CHICAGO – The White Sox, riding a three-game winning streak, were supposed to use their four-game series against the Cubs to make a statement.
They had an opportunity to continue their dominance against their rivals to the north, a potential catalyst to send the Sox above .500 and ascend the AL Central standings.
Instead, the Cubs handed the Sox three thrashings – saved from a possible fourth loss thanks to a postponed game because of rain – culminating with Thursday’s 8-3 win for the North Siders at Wrigley Field. Ultimately the Cubs (22-30) owned the Sox (24-27) during the crosstown series, outscoring them 24-6.
“Anytime you have three games like this at any point, it's discouraging,” Sox manager Robin Ventura said. “ … The way [the Cubs] are swinging it and pitching, you're giving them a lot of opportunities to put you away, and they did.”
The crosstown rivalry represented a chance for the Sox to prove they’re legitimate threats to take down the Detroit Tigers and win the AL Central. Good teams take advantage of a team, such as the Cubs, that is scuffling and clearly in rebuild mode. But starting pitcher Travis Wood and the Cubs were the ones that made the Sox seem washed up and going nowhere.
“I think that we just have to step up with a little more intensity and it starts with me,” Sox starting pitcher Jake Peavy said. “I didn’t do a very good job of that today, nor did much of anybody.”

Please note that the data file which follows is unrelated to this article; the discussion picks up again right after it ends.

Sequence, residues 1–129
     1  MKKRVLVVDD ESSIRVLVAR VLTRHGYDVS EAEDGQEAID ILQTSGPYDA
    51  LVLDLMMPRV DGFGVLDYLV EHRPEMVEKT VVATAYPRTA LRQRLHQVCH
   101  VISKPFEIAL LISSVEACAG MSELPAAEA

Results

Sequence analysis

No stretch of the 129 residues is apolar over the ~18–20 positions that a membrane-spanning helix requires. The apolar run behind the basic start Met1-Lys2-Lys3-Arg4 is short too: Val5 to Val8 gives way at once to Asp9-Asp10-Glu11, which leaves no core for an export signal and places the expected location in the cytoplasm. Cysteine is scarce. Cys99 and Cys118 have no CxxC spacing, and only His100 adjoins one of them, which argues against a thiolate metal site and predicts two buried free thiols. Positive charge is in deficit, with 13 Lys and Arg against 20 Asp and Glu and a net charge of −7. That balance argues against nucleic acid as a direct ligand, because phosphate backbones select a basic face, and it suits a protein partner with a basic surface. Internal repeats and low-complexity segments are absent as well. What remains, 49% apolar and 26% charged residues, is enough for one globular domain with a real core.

Considering how well Cubs' starting pitchers have hit the ball, it wouldn’t be a surprise if manager Dale Sveum decided to bump them up from the No. 9 spot. Sveum downplayed the idea, but Wood continued the run of stellar pitching performances – both on the mound and at the plate. Wood’s grand slam in the fourth off Peavy gave the Cubs a 6-1 lead, eventually cruising to a win.
Wood became the first Cubs pitcher to hit a grand slam at Wrigley since Burt Hooton in 1972.
“We take pride in our hitting, just being able to help ourselves out, just being able to handle the bat,” Wood said. “That way we’re not just a dead out.”
Wood’s self-critique of his outing didn’t make the Sox hitters look good. His plan was to keep the ball down with the 24 mph winds blowing out of the ballpark, which created optimal hitting conditions for both teams. But in Wood’s opinion, “I was kind of all over the place."
Based on the Sox’s offensive performance, that would have been difficult to discern. Wood held the Sox to two runs on five hits in six innings. He also struck out six and walked two.
At one point during the third through fifth innings, Wood retired eight of nine batters he faced.
“I honestly didn’t do that very well the first 3 1/2, four innings,” Wood said. “I was pitching up and was fortunate enough that they were missing balls and popping them up, just light enough they didn’t go out of the ballpark.”
Thursday's win locked up the Cubs' first season series win against the Sox since 2007, when they went 5-1. Cubs pitchers helped their own cause against Sox pitchers, part of a month-long trend. The Cubs are the first NL team to record 19 RBIs from their pitchers in a calendar month, according to Elias. The Detroit Tigers were the last team to tally at least 19 RBIs from their pitchers (20 RBIs in 1940).
“I don’t like it, to be honest, they’re embarrassing all of us,” a smiling Anthony Rizzo said of Cubs' pitchers success at the plate. “No, it’s great. They’re loose and they’re having fun and they’re keeping everyone else loose.”
• Meghan Montemurro covers the White Sox and Cubs for Shaw Media. Write to her at firstname.lastname@example.org. Read the Sox Insider and Inside the Cubs blogs at NWHerald.com and on Twitter @Sox_Insider and @InsideTheCubs.